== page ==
Eliza’s memories of the massacre are full of dark thoughts of death and betrayal. The mission was seized by the Cayuse and Eliza was one of several who were held hostage. At ten, she, too, could speak Sahaptin, the language of the Nez Perce and other tribes of the region, and during the siege on several occasions was asked to interpret. After the British paid a ransom for the survivors, the missionaries were ordered by the Mission Board to leave, causing great bitterness and disappointment to the Spauldings and to newly baptized Native Americans.

Throughout the novel are excerpts from Eliza’s mother’s diary, a document Eliza wouldn’t have an opportunity to read until years later.

After her mother dies, Eliza is expected to take on the role of keeping house, cooking, and caring for her younger brother and two sisters. She manages the house and family well, but is often in mental turmoil with frightening memories of the massacre, and she still suffers from her mother’s death. When, at age fifteen she leaves to marry Andrew Warren, it is without her father’s approval. The newlyweds set up a homestead in Brownsville, Oregon.

Andrew acts on a ranching opportunity in Washington, near where the massacre occurred. Eliza is torn between staying on their homestead with the children or going with her husband, which would mean returning to the land of her captivity.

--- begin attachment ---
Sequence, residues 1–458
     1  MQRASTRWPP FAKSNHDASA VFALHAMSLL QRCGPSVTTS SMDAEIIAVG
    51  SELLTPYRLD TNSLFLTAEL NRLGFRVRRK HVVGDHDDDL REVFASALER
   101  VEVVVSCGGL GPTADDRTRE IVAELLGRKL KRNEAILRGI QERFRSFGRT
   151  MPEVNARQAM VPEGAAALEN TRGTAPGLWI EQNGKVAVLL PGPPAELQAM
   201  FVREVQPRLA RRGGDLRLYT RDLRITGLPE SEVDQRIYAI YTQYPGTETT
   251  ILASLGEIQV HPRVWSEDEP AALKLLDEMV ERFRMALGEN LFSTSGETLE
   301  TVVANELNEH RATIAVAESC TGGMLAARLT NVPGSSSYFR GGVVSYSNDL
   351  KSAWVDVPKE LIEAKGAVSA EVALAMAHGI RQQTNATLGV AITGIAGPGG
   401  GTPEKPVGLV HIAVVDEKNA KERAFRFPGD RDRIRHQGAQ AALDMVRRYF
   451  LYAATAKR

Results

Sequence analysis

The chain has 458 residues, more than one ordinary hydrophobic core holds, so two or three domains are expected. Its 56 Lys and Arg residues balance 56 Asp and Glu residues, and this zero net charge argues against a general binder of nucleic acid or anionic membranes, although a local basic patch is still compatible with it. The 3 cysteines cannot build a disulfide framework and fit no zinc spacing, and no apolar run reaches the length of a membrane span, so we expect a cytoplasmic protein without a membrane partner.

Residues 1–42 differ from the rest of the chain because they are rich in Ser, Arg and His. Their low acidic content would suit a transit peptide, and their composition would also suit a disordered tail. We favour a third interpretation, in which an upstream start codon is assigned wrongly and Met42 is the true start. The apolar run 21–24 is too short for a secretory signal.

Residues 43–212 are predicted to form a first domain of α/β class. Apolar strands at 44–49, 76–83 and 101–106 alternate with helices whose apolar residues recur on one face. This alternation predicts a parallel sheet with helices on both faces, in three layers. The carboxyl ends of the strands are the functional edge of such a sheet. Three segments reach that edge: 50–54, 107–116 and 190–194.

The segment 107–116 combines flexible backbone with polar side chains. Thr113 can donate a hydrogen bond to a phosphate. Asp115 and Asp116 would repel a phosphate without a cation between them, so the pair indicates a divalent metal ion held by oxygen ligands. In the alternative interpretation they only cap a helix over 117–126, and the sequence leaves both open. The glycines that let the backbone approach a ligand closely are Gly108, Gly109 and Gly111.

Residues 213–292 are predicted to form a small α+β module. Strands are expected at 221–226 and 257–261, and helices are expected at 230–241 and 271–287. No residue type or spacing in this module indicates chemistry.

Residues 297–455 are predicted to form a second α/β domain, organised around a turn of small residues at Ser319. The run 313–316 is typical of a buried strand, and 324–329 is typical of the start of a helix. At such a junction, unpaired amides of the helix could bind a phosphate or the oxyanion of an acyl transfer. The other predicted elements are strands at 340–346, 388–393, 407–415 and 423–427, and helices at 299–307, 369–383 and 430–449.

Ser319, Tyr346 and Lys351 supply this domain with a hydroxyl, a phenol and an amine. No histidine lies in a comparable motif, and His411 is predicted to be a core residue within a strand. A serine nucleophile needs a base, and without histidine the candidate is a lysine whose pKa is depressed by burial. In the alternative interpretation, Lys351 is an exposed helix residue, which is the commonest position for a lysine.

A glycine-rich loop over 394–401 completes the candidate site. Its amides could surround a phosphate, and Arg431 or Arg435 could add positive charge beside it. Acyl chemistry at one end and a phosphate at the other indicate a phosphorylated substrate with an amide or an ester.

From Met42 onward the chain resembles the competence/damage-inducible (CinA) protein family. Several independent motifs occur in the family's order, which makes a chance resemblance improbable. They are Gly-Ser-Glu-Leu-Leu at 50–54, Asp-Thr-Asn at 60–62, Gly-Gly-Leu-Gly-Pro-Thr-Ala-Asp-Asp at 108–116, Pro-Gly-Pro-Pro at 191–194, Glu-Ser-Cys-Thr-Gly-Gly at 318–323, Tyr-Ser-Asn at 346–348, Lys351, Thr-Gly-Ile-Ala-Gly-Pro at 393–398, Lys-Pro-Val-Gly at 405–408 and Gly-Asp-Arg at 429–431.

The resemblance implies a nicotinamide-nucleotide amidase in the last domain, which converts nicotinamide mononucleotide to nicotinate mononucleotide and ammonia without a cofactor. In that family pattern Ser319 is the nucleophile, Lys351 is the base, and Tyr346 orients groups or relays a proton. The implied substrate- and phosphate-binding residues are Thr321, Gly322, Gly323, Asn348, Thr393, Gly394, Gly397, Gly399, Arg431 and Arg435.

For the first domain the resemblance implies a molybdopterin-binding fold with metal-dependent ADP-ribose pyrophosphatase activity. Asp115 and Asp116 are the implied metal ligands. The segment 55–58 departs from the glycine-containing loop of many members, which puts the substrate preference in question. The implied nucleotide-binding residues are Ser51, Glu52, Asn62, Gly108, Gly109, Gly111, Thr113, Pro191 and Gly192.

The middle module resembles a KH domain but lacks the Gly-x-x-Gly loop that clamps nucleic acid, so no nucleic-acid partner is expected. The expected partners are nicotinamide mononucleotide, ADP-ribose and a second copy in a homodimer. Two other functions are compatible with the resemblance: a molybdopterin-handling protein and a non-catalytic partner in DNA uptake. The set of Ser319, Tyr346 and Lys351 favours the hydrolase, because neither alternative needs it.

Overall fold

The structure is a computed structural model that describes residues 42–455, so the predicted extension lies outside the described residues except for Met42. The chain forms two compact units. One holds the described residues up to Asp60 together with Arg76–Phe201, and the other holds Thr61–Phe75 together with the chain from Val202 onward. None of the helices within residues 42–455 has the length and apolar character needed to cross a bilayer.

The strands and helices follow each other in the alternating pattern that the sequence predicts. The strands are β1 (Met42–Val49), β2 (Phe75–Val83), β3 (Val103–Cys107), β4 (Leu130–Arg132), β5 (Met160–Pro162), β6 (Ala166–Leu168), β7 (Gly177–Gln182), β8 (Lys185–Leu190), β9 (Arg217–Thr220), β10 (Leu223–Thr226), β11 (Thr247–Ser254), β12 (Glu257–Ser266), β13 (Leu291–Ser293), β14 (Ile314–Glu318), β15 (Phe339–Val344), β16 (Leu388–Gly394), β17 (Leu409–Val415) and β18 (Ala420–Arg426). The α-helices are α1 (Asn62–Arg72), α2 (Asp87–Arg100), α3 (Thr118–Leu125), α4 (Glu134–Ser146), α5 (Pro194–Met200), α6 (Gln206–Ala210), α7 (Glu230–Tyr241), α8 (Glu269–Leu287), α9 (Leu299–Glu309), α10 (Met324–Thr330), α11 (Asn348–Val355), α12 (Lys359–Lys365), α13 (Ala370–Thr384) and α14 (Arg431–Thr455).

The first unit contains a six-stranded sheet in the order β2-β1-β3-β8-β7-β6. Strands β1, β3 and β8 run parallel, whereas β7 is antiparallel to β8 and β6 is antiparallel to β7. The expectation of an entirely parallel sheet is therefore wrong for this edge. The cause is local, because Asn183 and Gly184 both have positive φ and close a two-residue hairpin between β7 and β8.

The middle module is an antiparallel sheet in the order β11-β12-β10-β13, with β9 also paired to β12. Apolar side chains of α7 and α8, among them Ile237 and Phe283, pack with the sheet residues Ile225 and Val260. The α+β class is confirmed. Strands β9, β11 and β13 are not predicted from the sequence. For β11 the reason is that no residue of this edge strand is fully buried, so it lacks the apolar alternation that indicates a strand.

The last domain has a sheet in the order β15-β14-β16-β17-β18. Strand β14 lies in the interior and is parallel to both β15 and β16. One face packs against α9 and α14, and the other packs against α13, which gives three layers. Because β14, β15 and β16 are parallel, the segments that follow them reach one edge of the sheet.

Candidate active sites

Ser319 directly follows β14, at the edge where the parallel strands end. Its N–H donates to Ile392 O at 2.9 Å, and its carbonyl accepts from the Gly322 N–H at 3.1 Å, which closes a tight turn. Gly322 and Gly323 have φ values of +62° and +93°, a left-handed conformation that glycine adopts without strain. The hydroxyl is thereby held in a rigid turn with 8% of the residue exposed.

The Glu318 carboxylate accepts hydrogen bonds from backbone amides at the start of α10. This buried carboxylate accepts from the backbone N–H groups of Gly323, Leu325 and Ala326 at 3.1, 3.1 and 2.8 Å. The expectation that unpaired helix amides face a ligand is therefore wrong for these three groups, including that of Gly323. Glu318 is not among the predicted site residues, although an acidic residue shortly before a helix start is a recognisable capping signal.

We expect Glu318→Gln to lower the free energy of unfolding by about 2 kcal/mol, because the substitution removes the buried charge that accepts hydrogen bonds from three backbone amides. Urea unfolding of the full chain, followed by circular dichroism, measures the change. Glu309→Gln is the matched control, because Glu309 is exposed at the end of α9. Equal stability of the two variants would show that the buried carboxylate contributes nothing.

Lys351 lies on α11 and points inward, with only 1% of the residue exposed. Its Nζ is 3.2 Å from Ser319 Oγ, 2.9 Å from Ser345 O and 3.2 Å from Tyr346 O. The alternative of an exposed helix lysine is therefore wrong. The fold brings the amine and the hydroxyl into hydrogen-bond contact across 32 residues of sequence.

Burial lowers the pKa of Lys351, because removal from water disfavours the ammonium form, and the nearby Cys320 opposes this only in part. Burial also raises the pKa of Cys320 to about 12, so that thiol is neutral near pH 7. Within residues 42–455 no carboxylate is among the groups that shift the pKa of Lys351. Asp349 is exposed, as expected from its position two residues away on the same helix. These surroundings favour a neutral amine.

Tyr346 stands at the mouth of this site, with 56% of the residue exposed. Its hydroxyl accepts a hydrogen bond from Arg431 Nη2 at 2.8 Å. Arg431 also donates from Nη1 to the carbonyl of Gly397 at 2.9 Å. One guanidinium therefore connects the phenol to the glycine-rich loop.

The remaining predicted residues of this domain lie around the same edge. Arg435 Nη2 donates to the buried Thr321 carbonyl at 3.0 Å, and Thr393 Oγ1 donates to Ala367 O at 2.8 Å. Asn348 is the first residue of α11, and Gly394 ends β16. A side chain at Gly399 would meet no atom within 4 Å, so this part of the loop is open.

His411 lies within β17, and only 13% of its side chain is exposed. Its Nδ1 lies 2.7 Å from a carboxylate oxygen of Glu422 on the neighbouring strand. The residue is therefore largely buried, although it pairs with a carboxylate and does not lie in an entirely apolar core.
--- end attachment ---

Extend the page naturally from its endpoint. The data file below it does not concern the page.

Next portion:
Later, when details of the massacre are revealed, Eliza is shocked to learn that her recollections are only part of the story. She remembers only what a child of ten could absorb.

I loved this novel. I found myself thinking about my own memories and wondering how distorted they might be. Kirkpatrick has a way of touching the heart with words and there were times I read through tears.

Jane Kirkpatrick is the author of many historical novels. The Memory Weaver is among the finest, but I’ve probably said that about all of them.

To read more about the author, visit

Book Review: A Light in the Wilderness

A Light in the WildernessA Light in the Wilderness By Jane Kirkpatrick

For an African American woman, being free in 1844 Missouri doesn’t mean the same as it does for her employer. But Letitia IS free and, although she can’t read it herself, she has the paper to prove it. She even owns her own cow, Charity.

Letitia finds herself at odds with her employer and her plans to go to Oregon with them are abruptly changed. She seeks help from Davey Carlson, an Irish-born former mountain-man, who helps her retrieve her cow. Letitia and Davey form an understanding, and together they join a wagon train bound for Oregon.